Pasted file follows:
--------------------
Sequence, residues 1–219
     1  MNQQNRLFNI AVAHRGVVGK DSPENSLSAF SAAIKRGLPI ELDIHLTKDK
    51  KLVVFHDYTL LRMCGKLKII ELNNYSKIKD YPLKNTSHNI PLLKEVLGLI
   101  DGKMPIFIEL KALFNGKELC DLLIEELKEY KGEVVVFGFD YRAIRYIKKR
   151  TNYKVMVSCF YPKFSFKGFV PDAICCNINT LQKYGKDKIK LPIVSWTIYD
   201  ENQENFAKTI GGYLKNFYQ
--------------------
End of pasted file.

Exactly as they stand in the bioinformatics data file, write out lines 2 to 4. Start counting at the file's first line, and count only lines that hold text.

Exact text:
     1  MNQQNRLFNI AVAHRGVVGK DSPENSLSAF SAAIKRGLPI ELDIHLTKDK
    51  KLVVFHDYTL LRMCGKLKII ELNNYSKIKD YPLKNTSHNI PLLKEVLGLI
   101  DGKMPIFIEL KALFNGKELC DLLIEELKEY KGEVVVFGFD YRAIRYIKKR